Microstructural characterizations and modeling of Ti-6Al-4V parts made by electron beam additive manufacturing (EBAM)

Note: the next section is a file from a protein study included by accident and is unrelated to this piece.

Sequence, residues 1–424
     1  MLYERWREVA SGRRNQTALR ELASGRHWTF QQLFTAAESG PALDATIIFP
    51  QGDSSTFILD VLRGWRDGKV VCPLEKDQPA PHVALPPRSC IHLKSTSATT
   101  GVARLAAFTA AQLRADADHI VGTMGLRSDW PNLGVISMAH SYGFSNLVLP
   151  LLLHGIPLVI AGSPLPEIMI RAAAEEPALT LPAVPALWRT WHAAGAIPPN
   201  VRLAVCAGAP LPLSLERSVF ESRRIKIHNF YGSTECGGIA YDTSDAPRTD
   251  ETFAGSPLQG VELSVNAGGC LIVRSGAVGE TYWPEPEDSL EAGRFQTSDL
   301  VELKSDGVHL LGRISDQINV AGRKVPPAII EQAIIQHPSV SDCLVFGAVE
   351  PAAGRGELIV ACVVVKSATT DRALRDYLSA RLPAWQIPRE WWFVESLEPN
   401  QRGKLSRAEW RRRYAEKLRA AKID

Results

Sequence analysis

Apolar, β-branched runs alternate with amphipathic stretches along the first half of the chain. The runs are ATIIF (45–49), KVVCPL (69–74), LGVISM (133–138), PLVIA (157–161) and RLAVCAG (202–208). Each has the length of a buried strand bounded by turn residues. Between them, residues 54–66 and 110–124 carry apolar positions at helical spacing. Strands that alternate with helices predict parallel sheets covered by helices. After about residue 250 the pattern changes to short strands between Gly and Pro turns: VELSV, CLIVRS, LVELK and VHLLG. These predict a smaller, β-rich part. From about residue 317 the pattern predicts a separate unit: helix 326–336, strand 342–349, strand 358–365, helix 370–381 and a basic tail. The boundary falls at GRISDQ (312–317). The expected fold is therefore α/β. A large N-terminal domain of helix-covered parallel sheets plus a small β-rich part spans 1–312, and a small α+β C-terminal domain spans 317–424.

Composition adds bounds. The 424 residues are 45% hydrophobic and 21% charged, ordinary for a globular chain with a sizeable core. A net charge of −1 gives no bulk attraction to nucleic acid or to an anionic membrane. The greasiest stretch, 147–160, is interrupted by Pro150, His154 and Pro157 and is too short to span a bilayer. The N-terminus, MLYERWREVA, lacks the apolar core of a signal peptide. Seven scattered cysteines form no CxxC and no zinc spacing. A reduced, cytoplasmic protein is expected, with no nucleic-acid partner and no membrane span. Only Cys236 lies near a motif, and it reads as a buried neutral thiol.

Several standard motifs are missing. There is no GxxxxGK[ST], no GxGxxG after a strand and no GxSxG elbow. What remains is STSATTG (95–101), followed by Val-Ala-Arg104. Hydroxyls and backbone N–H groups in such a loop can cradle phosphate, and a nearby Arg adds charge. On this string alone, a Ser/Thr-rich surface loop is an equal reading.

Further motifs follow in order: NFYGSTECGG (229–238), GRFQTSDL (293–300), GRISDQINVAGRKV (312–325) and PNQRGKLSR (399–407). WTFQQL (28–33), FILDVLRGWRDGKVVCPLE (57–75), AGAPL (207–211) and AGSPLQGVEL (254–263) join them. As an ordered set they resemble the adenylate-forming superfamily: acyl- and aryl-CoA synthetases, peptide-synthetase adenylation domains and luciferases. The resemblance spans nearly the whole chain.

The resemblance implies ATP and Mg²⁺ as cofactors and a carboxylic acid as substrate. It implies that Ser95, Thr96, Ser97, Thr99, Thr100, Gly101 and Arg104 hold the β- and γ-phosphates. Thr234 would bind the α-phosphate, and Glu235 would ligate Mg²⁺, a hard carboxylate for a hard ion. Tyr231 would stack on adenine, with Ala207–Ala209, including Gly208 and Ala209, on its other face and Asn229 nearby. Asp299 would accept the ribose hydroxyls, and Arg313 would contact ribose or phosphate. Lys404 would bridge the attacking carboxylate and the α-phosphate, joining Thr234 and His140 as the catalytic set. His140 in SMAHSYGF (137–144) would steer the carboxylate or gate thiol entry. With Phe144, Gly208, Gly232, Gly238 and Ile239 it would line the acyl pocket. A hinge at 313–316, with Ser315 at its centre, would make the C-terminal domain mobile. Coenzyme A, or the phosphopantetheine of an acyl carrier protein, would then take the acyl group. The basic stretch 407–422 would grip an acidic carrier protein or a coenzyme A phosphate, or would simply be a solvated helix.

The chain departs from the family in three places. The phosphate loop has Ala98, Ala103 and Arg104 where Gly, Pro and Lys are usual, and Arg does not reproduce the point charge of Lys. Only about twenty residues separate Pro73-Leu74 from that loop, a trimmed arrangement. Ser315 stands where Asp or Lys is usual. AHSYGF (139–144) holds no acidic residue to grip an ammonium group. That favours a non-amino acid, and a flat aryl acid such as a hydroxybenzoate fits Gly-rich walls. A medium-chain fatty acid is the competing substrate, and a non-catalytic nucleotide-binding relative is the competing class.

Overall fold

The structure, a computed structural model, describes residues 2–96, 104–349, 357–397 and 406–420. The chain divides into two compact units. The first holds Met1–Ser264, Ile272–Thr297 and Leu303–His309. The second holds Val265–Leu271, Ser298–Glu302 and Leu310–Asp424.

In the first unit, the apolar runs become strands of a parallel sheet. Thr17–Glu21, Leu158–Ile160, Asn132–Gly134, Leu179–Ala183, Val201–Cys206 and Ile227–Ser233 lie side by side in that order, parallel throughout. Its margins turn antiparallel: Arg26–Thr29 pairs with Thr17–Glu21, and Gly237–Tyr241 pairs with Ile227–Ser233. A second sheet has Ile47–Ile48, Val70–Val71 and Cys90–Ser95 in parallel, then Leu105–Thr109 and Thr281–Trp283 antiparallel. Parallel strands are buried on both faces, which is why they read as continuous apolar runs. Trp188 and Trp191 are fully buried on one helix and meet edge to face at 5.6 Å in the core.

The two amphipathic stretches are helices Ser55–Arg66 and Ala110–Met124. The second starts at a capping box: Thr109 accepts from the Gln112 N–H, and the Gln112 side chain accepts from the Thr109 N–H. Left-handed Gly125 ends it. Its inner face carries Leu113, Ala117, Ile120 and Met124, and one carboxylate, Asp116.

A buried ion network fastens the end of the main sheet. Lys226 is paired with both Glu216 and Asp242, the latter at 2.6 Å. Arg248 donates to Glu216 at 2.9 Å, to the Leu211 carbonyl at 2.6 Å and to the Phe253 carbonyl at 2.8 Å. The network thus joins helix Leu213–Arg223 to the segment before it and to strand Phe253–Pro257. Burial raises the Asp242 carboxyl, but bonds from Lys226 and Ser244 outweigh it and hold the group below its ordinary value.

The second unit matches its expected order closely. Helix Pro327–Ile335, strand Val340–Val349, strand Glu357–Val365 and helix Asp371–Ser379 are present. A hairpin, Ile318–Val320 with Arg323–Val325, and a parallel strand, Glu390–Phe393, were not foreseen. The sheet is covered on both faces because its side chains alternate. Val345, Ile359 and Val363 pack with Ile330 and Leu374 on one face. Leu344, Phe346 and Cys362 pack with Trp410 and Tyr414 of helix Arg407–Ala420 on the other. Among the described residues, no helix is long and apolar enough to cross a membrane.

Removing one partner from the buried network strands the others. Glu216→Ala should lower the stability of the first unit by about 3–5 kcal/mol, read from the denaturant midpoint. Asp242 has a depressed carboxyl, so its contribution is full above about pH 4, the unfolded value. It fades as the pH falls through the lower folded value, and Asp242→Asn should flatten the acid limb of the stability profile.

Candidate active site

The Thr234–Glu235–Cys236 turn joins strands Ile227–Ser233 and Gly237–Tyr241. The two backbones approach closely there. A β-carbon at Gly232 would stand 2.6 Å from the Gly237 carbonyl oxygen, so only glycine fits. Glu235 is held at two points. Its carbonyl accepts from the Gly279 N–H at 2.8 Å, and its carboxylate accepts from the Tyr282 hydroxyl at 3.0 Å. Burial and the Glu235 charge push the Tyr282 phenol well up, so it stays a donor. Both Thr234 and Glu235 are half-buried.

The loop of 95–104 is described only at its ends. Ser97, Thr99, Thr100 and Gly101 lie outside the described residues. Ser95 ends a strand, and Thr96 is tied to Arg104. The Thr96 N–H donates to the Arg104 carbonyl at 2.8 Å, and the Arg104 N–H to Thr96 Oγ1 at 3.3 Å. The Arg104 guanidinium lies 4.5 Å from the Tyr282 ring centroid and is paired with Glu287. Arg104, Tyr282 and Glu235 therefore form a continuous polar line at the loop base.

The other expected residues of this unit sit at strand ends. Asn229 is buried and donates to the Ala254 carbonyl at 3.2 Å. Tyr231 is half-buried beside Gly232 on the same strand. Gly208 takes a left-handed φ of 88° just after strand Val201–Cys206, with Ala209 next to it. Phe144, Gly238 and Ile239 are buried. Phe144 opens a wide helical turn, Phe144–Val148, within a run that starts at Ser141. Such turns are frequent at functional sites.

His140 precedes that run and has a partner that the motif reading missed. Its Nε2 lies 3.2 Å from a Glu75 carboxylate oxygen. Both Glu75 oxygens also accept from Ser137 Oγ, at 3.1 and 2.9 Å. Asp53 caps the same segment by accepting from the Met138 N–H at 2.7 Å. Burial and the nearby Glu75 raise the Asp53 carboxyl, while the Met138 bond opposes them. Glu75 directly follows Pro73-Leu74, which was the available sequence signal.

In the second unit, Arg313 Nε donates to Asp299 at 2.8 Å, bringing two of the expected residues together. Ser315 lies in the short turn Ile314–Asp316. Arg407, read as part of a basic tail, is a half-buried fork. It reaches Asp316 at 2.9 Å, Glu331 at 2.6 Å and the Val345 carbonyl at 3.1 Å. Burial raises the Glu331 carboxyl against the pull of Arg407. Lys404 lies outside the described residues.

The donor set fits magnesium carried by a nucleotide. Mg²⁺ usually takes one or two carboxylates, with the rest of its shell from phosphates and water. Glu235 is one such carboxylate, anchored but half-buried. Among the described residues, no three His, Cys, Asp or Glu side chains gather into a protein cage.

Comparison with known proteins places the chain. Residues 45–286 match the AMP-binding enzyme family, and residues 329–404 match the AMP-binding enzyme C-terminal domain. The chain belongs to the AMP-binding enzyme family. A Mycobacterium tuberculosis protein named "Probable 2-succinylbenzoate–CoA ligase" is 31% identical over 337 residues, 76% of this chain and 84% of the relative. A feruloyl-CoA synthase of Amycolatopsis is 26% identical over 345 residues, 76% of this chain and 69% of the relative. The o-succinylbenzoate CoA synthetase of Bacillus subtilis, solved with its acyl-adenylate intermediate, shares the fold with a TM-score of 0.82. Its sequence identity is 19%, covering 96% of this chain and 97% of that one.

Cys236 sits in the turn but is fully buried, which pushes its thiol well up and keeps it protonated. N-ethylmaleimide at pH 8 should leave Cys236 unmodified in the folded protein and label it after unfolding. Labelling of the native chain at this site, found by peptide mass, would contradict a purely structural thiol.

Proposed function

The electron beam additive manufacturing (EBAM) technology builds parts layer-by-layer from metal powder using an electron beam. EBAM is capable of producing fully melted metallic parts with fine microstructures and superior mechanical properties. However, the microstructures, determined by the process thermal history, and yet, governing the attainable mechanical properties, are very complex in EBAM. Further, there has been little systematic study of the relationship between the process parameters and the microstructures in EBAM. Therefore, understanding the microstructure evolution is vital to achieve the desired properties of the fabricated components. The primary objectives of this research are: (1) to characterize Ti-6Al-4V powder in EBAM, (2) to analyze the process parameter effects on the microstructure, (3) to model the microstructure evolution. The research approaches include: (1) characterization of the powder using metallographic method, (2) microstructural characteristics of EBAM solid parts made by various beam scanning speeds, (3) numerical modeling to conduct thermal analysis and phase field modeling to simulate microstructure evolution, and phase transformation kinetics to calculate the phase composition. The major findings are summarized as follows. (1) Preheating results in metallurgical bonds of the powder during the EBAM. The calculated porosity of the preheated powder is about 50%. (2) The specimens of the part side surfaces show columnar prior β, while the scanning surface specimens show equiaxed grains. A higher beam scanning speed leads to a smaller grain size. The width of the columnar structure decreases with the increase of the scanning speed, 109.7 μm at 214 mm/s vs. 37.1 μm at 529 mm/s. The α-lath thickness is 1.5 μm for the sample with the lowest scanning speed, while the thickness is 1.0 μm for other scanning speed samples. (3) The finite element method is able to simulate the temperature history and melt pool geometry during EBAM. The phase field model is able to simulate the morphology and solute concentration of EBAM parts. In addition, a larger beam scanning speed results in a higher percentage of martensitic structures, and the fraction of martensites is about 30% for the highest scanning speed sample compared to around 10% for the lowest scanning speed sample.